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Alex & Al - Coast to Coast: Alex & Al Welcomes Lyndsey Christofer, Chubb

By Alliant Specialty

Alex Littlejohn and Al Tobin sit down with Lyndsey Christofer, Executive Vice President, Chubb Construction Major Accounts, to discuss current trends in the construction industry and the top three areas we should prepare our clients/prospects to look out for when it comes to pricing, coverage and exposures.

Intro (00:01):
This is Alex and Al Coast to Coast show dedicated to exploring insurance news topics and trends shaping the market. Today. Here are your hosts, Alex, little John and Al Tobin.

Alex Littlejohn (00:15):
Well, hello listeners. And welcome back to the Alex and Al Coast to Coast podcast. Today. We're going to have a superstar guest from Chubb, Lindsay Christopher, whom I know many of you have worked with in the past. She's EVP with the large account construction division. Before we dive into it though Al and I have some news to talk about. So Al let's go on the product side. What are you hearing about? Let's talk a little bit about hurricane season.

Al Tobin (00:41):
Sure. Super, very timely for our audience and welcome everybody. Al Tobin from New York and Alliant, a lot going on in the marketplace. June 1st is a really big property renewal time. Most of the accounts with catastrophic exposure want to get it done before then before things start cropping up in the Atlantic basin. So, on the underwriting side, I think there's a little bit of underwriting fatigue going on right now. You know, there's a lot of activity, a lot of new submissions, a lot of customers are asking for deductible changes, limit changes, possibly not buying certain layers or maybe even going to a carter retention which is kind of a new thing to save cost. And they're going back to underwriters and asking for a series of quotes. So, if underwriter X had 10 renewals for June 1, he's probably re-quoting them two or three times. So, that's gone up three times and that's a lot of on the underwriting side and we need them and we're looking forward to celebrating post-June 1st from a carrier perspective.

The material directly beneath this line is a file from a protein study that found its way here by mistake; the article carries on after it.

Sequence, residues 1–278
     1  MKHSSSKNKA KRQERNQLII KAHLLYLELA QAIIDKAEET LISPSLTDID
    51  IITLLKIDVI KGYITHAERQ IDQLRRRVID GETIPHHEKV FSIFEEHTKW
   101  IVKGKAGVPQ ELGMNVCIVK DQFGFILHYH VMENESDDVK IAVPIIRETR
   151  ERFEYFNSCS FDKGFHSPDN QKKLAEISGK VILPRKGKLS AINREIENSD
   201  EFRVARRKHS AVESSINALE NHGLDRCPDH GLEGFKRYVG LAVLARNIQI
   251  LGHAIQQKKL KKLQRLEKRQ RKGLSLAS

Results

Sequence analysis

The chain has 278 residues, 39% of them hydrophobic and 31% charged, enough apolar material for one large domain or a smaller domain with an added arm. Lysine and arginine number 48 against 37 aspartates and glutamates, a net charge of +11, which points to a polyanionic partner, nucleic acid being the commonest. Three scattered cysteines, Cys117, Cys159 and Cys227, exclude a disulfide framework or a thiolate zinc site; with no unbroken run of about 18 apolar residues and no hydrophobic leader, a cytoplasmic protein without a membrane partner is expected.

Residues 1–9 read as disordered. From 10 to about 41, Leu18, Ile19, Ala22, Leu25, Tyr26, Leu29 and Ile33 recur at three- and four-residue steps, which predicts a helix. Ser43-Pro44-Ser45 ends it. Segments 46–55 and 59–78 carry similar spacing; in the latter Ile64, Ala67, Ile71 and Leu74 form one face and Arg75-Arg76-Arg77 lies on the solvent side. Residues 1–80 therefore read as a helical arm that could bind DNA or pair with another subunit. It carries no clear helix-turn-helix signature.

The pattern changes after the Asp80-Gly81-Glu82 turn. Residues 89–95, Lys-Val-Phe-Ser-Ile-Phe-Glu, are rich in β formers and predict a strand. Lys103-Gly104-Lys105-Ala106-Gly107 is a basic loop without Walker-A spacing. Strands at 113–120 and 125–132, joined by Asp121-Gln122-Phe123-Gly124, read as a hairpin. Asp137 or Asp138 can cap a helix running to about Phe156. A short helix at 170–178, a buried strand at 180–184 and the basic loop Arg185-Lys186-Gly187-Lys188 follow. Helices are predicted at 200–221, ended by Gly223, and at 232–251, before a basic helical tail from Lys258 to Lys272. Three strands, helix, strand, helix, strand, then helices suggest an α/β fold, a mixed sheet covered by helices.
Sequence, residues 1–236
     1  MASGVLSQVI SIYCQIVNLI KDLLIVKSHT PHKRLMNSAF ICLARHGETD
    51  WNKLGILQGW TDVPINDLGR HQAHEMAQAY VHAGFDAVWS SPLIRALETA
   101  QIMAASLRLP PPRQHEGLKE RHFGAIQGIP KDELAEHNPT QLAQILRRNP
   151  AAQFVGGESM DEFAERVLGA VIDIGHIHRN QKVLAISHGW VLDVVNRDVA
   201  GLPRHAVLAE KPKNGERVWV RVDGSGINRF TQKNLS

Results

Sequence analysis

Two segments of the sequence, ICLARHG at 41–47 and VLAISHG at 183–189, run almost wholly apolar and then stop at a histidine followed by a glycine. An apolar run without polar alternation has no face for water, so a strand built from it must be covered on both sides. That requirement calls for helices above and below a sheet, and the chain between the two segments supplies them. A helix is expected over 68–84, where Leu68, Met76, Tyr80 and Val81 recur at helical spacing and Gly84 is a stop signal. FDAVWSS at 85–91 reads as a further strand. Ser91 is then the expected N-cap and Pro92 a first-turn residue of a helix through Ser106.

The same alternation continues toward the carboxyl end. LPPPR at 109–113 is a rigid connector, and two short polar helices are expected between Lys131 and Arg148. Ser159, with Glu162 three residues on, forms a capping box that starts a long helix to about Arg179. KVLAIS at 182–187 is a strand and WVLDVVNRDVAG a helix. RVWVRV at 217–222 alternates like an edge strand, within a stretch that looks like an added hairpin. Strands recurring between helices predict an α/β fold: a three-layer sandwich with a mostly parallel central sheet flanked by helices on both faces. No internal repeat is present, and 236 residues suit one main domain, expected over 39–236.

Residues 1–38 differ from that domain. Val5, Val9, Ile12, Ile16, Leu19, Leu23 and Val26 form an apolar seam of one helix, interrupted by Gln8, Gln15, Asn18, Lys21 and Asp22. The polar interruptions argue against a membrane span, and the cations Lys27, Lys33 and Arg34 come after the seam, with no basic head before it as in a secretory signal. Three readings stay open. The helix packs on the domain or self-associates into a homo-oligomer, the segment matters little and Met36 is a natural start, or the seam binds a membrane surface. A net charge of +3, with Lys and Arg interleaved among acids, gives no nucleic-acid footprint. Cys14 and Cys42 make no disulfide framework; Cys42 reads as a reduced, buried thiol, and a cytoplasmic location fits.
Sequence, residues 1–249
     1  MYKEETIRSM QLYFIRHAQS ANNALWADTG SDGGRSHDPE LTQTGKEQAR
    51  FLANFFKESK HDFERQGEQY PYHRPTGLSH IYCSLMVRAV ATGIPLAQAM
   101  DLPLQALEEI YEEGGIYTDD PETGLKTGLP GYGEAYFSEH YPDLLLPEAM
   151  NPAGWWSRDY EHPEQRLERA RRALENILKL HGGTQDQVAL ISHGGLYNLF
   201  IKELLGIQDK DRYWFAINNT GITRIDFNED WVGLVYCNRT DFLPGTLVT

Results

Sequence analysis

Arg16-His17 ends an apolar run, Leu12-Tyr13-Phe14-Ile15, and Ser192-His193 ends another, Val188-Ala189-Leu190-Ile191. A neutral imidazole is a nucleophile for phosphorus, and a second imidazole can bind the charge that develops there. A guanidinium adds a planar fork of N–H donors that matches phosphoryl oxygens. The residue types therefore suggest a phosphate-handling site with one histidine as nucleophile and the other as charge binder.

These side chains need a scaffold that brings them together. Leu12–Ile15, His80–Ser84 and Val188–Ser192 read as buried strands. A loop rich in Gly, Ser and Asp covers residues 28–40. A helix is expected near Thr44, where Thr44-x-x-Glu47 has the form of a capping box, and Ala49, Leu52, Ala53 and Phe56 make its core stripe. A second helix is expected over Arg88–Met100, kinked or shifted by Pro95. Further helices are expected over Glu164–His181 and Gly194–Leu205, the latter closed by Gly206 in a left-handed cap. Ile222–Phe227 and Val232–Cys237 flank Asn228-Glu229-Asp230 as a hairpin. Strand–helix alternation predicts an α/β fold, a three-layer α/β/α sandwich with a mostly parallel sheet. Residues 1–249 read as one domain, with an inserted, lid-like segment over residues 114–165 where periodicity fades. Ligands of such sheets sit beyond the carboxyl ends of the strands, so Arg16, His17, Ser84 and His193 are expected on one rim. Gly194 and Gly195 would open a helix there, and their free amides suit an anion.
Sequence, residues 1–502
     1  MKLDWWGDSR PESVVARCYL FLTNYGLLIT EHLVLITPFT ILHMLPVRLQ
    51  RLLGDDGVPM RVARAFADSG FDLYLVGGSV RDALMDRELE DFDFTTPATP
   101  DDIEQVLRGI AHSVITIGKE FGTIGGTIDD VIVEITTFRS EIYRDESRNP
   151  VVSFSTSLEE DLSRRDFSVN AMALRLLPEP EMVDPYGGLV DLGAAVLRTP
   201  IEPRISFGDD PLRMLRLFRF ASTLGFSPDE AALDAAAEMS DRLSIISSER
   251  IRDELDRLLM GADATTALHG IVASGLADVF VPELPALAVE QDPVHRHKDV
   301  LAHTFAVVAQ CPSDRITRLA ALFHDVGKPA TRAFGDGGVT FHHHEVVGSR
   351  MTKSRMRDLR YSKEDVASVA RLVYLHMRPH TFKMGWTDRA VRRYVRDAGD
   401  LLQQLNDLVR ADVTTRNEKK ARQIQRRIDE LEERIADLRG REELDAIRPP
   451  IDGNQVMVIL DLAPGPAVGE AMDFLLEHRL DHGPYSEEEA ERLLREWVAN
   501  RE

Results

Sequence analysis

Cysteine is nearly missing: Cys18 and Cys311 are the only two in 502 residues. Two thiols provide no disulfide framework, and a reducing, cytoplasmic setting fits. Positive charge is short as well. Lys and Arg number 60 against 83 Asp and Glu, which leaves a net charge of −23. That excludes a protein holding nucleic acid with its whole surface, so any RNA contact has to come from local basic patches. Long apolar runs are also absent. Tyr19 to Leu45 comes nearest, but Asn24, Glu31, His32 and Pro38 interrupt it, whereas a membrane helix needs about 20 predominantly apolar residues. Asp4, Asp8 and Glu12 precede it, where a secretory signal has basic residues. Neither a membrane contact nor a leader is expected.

Alex Littlejohn (01:52):
Oh, Al I was just going to ask, I mean, I'm kind of hearing good news around capacity though. I'm not I'm hearing that programs are getting completed compared to last year where there was just apps all over the place. What are you seeing anything on that side?

Al Tobin (02:08):
Yeah, so, I think there's definitely some new entrant into the field. Certainly, some new capacity coming out of London. There's new capacity in the states, you know, for example, use a big company like our guest today. If they like a risk, where they were putting up 10 million last year, they're more than comfortable to putting up 15 on renewal this year for the right risks. So, you know, capacity is available. There's still a lot of arduous underwriting going on. One of the things that is slowed down the process is COVID has impacted India in a dramatic way, as we probably all read about. India is a major supplier of intellectual capital to the property insurance world, through the modeling groups I myself have been there and witnessed the amount of folks that work there and the amount of clients they have and their clients are not just our retail clients, but are all the insurance companies that need to model.